Computer Associates has stepped up its efforts to acquire Computer Sciences Corp. by sending a letter to CSC's CEO and board which threatens to go to shareholders with a less appealing offer if CSC doesn't continue negotiations immediately.
"If substantive negotiations have not started by Monday 12:00 noon EST, we will have no choice but to move ahead on a unilateral basis at a substantially lower price... which would be required to reflect the diminution in value" as a result of a "contested" bid, said the letter, dated yesterday, from CA President and Chief Operating Officer Sanjay Kumar to CSC Chairman and CEO Van Honeycutt.
In other words, if CSC refuses to negotiate, or contests CA's bid, and CA has to go directly to shareholders, the value of CSC will decline, according to the letter, which was released publicly today by CA. The full text of the letter is on CA's Web site at http://www.cai.com/csc/.
When asked if CSC had responded, CA spokesman Bob Gordon declined to comment late today except to say "We wouldn't have issued a release if they had responded."
Officials at CSC could not be reached for comment today. The office was likely closed due to the Presidents Day holiday observed in the United States.
CA made its US$9 billion bid public last week in a move interpreted as being a way to spur the management of CSC into accepting the $108 per share cash offer. But CSC instead pulled back, insinuating that CA was mounting a potential hostile takeover by making the offer public without CSC first consenting. Before the end of the week, a shareholder had filed a lawsuit, which seeks class action status, against CSC management over the CA offer and asking that a review board be appointed to consider the CA bid.
In addition to releasing its latest letter to CSC, CA also announced that it has received a financing commitment for its proposed merger from Credit Suisse First Boston which includes Bank of America National Trust & Savings Association, The Chase Manhattan Bank and NationsBank N.A.
"We have been disappointed by the response to date to the offer that we made last Tuesday to combine our two companies' businesses.... As we have expressed from the beginning, our hope and intent was to prompt a meaningful effort to move ahead on both our parts to a negotiated transaction," the letter to CSC management signed by Kumar said.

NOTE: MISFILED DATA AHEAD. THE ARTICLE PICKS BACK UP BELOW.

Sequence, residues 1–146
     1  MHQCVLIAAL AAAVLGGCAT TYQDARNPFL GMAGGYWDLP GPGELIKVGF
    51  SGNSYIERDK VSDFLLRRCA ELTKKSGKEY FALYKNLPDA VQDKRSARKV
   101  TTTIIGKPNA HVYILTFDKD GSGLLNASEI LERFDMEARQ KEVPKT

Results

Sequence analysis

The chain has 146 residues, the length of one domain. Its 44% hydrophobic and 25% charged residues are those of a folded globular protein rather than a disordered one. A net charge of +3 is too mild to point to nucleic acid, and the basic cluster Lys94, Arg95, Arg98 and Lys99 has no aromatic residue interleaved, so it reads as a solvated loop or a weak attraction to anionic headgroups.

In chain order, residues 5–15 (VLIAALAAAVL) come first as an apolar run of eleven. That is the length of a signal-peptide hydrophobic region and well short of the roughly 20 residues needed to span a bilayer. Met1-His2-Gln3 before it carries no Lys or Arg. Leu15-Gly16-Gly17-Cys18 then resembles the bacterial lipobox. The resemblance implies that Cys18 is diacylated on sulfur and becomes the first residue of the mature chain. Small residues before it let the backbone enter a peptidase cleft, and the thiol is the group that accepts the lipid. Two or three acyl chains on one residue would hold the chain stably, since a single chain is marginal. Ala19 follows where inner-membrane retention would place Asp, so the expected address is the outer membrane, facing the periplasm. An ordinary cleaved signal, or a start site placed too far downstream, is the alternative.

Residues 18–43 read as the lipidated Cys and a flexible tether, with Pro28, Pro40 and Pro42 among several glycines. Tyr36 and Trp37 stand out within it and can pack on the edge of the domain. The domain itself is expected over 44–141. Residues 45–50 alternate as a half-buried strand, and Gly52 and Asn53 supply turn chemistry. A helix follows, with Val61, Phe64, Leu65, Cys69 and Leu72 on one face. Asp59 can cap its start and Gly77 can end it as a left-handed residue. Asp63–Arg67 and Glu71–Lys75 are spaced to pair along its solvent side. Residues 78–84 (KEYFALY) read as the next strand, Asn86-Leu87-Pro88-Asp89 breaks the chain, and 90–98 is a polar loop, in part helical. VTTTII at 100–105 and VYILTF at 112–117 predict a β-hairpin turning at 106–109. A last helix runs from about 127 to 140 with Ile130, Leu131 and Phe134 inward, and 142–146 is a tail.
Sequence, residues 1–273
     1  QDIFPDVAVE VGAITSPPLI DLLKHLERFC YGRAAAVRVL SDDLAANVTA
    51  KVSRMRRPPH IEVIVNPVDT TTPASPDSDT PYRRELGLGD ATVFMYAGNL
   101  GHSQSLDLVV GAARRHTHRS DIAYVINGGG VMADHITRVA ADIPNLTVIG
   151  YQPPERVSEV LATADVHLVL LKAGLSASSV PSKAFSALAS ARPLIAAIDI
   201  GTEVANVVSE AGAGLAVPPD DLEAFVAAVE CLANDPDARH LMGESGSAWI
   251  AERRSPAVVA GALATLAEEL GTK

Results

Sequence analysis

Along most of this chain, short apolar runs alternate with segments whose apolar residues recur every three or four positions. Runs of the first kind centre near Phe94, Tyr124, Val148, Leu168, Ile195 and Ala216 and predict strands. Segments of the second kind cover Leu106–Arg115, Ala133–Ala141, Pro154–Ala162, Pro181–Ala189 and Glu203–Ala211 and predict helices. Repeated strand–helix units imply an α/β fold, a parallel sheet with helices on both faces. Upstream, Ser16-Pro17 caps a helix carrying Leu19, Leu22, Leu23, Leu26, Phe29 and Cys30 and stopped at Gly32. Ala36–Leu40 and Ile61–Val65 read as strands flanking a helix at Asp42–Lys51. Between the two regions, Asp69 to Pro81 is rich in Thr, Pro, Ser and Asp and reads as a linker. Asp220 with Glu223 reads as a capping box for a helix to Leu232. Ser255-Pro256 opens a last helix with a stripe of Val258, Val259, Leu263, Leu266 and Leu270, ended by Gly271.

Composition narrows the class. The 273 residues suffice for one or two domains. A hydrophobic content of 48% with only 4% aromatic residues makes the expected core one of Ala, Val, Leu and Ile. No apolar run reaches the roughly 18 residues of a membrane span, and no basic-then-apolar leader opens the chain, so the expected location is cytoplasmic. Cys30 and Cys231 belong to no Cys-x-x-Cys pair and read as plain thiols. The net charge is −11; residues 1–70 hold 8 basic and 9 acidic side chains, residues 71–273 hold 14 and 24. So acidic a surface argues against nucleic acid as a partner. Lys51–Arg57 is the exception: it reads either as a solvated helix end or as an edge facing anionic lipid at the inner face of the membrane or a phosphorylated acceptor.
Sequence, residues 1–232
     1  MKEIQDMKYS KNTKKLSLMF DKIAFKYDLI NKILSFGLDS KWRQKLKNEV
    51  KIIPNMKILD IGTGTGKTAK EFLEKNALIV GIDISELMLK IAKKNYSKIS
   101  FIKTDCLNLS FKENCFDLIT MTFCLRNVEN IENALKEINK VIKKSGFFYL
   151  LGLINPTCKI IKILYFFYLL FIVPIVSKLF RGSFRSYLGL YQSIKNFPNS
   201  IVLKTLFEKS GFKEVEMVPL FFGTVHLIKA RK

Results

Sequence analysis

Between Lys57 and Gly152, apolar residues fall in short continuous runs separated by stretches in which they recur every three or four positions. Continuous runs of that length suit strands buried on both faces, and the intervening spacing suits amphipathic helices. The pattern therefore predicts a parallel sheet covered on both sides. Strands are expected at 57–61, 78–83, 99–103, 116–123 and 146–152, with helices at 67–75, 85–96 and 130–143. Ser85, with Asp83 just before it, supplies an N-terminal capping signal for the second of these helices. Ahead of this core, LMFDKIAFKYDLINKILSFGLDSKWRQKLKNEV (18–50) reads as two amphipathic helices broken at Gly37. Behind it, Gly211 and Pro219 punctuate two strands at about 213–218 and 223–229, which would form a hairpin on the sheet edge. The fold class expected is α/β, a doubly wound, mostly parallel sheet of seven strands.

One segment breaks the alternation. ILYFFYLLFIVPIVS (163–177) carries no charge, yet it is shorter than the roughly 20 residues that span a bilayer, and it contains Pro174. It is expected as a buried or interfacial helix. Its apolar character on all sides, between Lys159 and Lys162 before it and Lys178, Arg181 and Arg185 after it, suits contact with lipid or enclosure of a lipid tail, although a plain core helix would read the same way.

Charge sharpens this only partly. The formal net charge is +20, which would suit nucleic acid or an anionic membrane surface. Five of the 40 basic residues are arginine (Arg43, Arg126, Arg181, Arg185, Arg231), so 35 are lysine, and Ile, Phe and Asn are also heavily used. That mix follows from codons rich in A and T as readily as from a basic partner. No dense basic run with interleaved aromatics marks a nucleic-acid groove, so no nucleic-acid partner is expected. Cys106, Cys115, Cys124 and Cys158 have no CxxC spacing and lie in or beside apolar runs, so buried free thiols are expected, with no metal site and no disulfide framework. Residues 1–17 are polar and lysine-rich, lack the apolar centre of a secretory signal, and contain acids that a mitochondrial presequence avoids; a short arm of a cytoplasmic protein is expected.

"We made it clear in our February 10th letter that we believed that we could bridge some of our differences with respect to value in a friendly transaction," the correspondence continued. A negotiated transaction will increase the value to CSC shareholders, while a "contested process" will result in a reduced value of CSC, the letter said.
"In short, we are proposing a transaction that has compelling value to your shareholders and other constituencies, especially when measured against a contested alternative," the letter said. "We hope this demonstrates our continuing efforts to consummate a friendly transaction. It is truly important to us that you and your Board are fully informed at this critical stage."
CA's decision to make its dealings with CSC public on the Web is strongly reminiscent of the way IBM Corp. handled its bid to purchase Lotus Development Corp. back in June 1995. IBM also made its letters to Lotus Chairman, President and CEO Jim Manzi concerning its intention to acquire Lotus publicly available on the Web. After an initial period of uncertainty, when it appeared that Lotus executives regarded IBM's bid as hostile, Big Blue successfully acquired Lotus for $3.5 billion. However, Manzi didn't stay with IBM long, quitting as head of Lotus in October 1995.